ultrahigh sensitivity by virtue of their unique surface plasmon resonance, fluorescent properties, and electrochemical activity. Despite the significant progress, these sensors are based on the “lock−key” sensing mode, which relies on a highly selective receptor for each pesticide determination. The limited supply of specific receptors hampers their further applicability. Recently, an array sensing method provides an alternative technology to overcome this problem. In the sensor array, the differential interactions of pesticides with a sensor array generate a distinct response pattern of each pesticide that is used for classification and identification. Very few scaffolds have been employed for array sensing of pesticides, such as dye− poly(amidoamine) dendrimer systems10 and Fe3O4 nanoparticles.11 However, the systems have high detection limits (generally from 1 μM to 1 mM) and need a number of specialized probes as the sensing elements, resulting in complicated operation and bad reproducibility. Therefore, it is highly desirable to develop simple, highly sensitive, and reproducible sensor arrays with limited sensing elements for the detection of pesticides. Chemiluminescent (CL) assays have inherent advantages, such as a low detection limit, wide linearity range, and simple operation.12 Moreover, the CL reagents, such as luminol, can reduce silver nitrate to form luminol-functionalized silver nanoparticles (Lum-AgNPs).13 Luminol molecules are immobilized on the surface of Lum-AgNPs via Ag−N covalent interaction. The Lum-AgNPs can react with hydrogen peroxide (H2O2), producing a CL emission. Interestingly, in comparison Received: Revised: Accepted: Published: 2930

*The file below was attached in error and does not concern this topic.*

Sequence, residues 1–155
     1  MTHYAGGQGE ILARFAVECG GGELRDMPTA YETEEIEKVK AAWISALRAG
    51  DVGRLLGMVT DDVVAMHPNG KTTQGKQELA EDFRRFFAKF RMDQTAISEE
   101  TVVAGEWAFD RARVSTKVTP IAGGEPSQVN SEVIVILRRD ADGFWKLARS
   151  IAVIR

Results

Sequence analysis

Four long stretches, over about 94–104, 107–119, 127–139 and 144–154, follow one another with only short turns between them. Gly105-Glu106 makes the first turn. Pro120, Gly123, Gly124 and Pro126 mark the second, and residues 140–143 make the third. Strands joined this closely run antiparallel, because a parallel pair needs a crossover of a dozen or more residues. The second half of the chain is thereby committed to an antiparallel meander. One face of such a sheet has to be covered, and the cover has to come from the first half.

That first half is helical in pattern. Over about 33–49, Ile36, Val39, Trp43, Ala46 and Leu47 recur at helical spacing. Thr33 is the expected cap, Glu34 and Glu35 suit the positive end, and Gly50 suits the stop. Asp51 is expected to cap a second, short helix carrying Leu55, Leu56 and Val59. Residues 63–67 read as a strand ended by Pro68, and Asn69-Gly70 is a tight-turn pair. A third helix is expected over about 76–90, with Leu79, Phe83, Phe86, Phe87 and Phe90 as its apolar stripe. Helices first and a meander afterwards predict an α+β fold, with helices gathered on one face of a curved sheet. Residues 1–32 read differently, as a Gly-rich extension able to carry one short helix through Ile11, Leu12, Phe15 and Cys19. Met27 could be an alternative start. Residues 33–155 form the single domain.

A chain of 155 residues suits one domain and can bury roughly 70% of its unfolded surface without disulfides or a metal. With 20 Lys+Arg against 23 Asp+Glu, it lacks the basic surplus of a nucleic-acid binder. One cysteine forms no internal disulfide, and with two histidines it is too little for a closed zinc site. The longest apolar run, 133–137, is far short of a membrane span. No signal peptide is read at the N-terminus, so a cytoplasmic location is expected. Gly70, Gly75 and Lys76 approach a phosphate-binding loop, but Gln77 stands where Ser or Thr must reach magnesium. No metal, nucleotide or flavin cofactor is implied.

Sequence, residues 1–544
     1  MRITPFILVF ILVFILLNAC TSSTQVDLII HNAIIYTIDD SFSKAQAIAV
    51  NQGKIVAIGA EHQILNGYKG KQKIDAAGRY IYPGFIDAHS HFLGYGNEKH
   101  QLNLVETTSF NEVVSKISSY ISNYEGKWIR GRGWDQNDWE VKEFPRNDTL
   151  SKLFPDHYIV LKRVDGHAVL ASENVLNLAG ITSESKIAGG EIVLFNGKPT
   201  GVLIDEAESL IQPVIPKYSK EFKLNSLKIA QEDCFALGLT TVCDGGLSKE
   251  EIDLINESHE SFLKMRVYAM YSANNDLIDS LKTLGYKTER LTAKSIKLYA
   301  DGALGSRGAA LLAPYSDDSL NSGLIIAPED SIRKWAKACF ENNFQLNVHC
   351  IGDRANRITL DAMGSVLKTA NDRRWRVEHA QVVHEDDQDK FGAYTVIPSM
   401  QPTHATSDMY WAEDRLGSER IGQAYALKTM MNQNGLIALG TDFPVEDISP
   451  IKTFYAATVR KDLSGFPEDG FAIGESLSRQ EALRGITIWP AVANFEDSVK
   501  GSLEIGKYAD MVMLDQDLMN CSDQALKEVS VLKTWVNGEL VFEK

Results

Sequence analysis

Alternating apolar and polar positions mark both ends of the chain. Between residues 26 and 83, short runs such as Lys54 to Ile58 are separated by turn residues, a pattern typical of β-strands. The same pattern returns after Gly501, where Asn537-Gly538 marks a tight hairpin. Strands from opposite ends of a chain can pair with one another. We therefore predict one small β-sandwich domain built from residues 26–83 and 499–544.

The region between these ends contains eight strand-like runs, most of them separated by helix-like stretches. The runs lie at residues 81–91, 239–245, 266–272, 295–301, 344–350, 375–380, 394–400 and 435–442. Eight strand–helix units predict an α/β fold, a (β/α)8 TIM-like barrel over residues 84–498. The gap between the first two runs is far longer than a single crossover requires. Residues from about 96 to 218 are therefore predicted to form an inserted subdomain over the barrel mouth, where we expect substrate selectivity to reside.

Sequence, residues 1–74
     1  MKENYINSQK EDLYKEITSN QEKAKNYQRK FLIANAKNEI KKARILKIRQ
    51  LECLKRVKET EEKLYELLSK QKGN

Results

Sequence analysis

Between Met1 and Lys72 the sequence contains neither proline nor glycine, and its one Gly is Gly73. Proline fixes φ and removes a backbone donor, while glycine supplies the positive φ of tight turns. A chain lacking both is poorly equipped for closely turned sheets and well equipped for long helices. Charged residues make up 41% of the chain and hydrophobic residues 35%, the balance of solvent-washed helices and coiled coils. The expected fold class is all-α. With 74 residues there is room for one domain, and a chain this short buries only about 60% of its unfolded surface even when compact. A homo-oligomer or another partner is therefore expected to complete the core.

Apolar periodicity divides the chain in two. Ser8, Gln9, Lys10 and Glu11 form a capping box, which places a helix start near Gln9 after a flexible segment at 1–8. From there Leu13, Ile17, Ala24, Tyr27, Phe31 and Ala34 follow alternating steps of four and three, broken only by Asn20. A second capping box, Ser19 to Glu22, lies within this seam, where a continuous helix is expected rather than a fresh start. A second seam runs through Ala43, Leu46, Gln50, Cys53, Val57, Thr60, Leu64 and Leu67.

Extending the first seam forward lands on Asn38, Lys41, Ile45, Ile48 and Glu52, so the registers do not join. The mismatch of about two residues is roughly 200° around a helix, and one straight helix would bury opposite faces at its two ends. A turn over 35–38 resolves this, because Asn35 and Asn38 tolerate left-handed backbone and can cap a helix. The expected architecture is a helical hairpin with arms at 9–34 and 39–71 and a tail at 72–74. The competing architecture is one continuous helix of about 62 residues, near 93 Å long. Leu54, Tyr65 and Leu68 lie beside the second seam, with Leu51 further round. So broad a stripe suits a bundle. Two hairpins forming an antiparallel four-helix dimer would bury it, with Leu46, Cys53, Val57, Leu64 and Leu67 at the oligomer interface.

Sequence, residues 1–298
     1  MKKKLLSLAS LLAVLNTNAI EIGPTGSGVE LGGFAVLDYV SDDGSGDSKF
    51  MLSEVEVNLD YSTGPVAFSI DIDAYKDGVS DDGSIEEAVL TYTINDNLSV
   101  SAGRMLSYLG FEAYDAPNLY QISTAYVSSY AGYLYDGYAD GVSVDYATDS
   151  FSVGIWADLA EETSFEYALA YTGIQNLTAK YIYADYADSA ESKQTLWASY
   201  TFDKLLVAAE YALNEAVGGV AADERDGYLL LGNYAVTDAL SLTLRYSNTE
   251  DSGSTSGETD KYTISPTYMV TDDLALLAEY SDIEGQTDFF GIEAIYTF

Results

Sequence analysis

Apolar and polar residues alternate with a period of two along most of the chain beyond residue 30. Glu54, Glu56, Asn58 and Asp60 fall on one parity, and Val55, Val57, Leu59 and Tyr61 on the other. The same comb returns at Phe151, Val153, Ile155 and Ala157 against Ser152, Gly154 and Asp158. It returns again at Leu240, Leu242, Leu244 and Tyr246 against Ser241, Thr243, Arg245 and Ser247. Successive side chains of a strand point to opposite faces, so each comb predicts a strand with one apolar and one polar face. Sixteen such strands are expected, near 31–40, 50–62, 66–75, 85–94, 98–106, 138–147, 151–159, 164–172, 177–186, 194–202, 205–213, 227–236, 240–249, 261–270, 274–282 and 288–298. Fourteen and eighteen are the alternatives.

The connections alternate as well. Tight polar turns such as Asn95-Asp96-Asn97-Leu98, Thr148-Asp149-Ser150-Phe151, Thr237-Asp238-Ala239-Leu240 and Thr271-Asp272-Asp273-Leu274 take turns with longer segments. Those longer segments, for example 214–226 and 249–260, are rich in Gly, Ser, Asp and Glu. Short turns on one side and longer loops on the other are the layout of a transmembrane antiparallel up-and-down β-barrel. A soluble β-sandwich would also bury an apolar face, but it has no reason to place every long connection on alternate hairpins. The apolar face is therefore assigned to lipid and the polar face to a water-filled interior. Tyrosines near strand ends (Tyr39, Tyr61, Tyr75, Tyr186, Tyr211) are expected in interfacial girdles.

February 4, 2015 March 4, 2015 March 9, 2015 March 9, 2015 DOI: 10.1021/acs.jafc.5b00671 J. Agric. Food Chem. 2015, 63, 2930−2934


Journal of Agricultural and Food Chemistry

Then, the mixture solution was allowed to cool to room temperature. The Lum-AgNPs were separated from the mixture via centrifugation and washed with ultrapure water. The collected Lum-AgNPs were dispersed into 30 mL of ultrapure water and stored at 4 °C before use. Analyte Pesticide Response. The stock solutions of five organophosphate and carbamate pesticides were prepared in toluene. For each pesticide detection, the as-prepared Lum-AgNPs (100 μL) were added to pesticide solutions (10 μL) with a final concentration of 24 μg/mL and incubated for 10 min at room temperature, followed by successive injection of H2O2 solution (300 μL, 10 mM), and the CL emission was simultaneously measured. Five replicates were tested for each pesticide to give a 3 channel (Ta, Tp, and CL intensity) × 5 pesticide × 5 replicate data matrix. To identify randomly selected pesticide samples, similar procedures were also carried out. Data Analysis. The CL patterns were processed using a classical principal component analysis (PCA) in MATLAB (version 7.0). After the analysis, three principal components were generated, which represented linear combinations of the response matrices obtained from the raw data matrix [3 channels (Ta, Tp, and CL intensity) × 5 pesticides × 5 replicates]. The first two most significant principal components were employed to produce a two-dimensional plot. The identification of unknown samples, which were randomly prepared by three separate researchers, was made by estimating Mahalanobis distance close to known group centroids from the training matrix.